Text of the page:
First in Time (page 2)
1. Pierson v. Post—Acquiring rights in unowned wild animals
· Facts: Post was hunting a fox with dogs and Pierson came in and shot the fox and took it
· Holding (Majority- Tompkins): Court holds that Pierson owns the fox; Post has no property rights to the fox at the time of capture by Pierson.
· Rule: Post did not have a viable claim to property rights over the fox until he had killed the fox and taken it into his possession; when Pierson killed the fox and took possession it was still unowned wild property.
· Policy Rationale: The policy rationale is that there will be endless litigation is people are able to claim property rights over animals they simply see, or intend to hunt. Having a rule where you have to kill and then take possession of the animal is much cleaner and easier to administer
· Dissent (Livingston):
– Post should have had ownership rights over the fox because he had a reasonable prospect of taking the fox and he also had the intention to continue the hunt and capture the animal.
– Livingston also believes that sportsmen should mediate such disputes, instead of the courts, because the sportsmen know what is going on with hunting more so than the courts
– The policy rationale for Livingston’s argument is that we want to encourage people to hunt foxes, as they are nuisance animals, but if you cannot gain property rights in the fox until you kill it, then there is a lack of incentive to invest in the capture of the fox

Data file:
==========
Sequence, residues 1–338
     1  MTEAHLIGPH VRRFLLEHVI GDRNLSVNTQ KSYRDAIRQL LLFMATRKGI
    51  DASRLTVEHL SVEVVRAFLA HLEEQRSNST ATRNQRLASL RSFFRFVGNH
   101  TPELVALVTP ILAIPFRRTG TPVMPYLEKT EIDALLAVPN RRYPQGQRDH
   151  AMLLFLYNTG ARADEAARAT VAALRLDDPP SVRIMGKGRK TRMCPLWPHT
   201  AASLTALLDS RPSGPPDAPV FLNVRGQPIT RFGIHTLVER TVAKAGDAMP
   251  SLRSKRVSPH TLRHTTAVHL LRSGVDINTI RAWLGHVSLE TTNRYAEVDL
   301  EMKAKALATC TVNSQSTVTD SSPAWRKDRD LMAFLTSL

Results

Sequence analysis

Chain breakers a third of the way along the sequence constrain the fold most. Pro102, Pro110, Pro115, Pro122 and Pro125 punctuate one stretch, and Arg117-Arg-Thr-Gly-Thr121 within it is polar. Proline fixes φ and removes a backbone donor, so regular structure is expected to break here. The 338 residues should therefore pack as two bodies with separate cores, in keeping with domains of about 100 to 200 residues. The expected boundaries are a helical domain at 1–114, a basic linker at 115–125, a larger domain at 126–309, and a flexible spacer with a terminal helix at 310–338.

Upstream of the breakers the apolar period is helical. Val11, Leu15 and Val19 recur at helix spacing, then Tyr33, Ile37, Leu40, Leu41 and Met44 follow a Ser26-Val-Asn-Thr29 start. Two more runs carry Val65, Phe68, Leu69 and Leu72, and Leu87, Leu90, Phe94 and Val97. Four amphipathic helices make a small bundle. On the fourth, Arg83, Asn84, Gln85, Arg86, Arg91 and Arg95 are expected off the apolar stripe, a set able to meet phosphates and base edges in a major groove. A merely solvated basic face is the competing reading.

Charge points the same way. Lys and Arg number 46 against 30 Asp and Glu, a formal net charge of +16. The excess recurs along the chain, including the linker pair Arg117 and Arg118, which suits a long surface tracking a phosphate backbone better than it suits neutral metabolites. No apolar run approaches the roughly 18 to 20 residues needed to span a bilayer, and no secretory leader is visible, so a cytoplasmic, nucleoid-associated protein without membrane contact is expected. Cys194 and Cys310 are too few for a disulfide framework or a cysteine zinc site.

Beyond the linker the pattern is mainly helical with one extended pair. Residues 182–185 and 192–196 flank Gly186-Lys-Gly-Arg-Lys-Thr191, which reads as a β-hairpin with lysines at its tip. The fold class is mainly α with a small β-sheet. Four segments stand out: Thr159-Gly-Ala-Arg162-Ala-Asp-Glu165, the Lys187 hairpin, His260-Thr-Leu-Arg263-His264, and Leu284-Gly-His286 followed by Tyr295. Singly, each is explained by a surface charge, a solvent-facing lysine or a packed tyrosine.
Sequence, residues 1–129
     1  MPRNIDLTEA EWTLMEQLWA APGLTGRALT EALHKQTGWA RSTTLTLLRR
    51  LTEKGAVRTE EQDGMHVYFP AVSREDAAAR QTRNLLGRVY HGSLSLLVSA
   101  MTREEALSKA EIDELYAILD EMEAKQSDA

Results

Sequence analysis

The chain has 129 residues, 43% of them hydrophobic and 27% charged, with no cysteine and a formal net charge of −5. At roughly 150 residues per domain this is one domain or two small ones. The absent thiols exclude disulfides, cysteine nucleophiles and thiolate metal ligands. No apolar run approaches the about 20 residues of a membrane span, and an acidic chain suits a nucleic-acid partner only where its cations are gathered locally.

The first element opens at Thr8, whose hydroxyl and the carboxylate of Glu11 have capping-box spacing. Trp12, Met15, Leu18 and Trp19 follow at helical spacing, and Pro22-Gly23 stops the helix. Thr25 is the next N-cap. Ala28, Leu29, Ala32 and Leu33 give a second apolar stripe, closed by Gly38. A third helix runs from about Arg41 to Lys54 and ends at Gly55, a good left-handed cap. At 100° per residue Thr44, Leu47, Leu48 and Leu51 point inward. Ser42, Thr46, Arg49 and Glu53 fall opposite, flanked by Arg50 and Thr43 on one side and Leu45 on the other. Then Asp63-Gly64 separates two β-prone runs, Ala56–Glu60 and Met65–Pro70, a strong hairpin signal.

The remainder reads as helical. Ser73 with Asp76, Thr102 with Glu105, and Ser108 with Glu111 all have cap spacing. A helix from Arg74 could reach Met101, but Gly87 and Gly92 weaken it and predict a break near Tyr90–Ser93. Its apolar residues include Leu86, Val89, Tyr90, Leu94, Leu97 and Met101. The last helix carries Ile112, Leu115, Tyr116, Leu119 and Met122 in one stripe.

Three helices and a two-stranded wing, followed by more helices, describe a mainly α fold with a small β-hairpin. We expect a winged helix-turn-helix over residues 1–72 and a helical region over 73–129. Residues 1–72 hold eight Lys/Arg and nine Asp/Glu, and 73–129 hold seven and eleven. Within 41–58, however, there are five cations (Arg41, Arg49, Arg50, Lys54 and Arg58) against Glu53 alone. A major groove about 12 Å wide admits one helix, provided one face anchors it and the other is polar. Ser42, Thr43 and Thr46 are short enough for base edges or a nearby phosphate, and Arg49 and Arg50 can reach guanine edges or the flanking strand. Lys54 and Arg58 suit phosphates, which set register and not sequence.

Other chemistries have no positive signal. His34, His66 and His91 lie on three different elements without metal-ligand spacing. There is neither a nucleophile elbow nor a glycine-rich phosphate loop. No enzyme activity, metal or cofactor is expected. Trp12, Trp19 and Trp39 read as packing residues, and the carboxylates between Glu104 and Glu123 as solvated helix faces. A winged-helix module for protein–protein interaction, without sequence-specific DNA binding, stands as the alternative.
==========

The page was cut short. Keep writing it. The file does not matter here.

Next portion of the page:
Mortal Wounding Exception
2. Leisner v. Wanie—Mortal wounding as an alternative to actual occupancy (action in replevin)
· Facts: Plaintiff mortally wounded the wolf and had so followed up their attack on the animal as to substantially have it in their possession. They had it where and in such condition and circumstances that escape was improbable, if not possible. Then the defendant came upon the scene and interfered by delivering a shot which finally ended the animal’s life. He took the body as his property and retained it to the damage of plaintiffs.
· Holding: The court held that the person who mortally wounded the wolf had property rights
– If the escape of an animal is unlikely, and there is persistent pursuit, then you have rights to the animal.
– Vigorous pursuit is an indication of the party’s intention to keep up the pursuit
– The instant a wild animal is brought under the control of a person so that actual possession is practically inevitable, a vested property interest in it accrues which cannot be divested by another’s intervening and killing.
3. Dapson v. Daly—not enough pursuit and license
· Facts: There was a dispute over who actually killed a deer that was shot at by both individuals; one shot it first, and then the second person shot it later and probably killed it.
· Holding: The court held that the original shooter did not have possessory rights over the deer.
– The pursuit was not sufficient; he stopped to put away his gun.
– First shooter did not have a license, and in order to have a legal right to a hunted animal, you need to have a license (when the legal regime is set up such that licenses are required for hunting).
4. State v. Shaw—possession does not need absolute constraint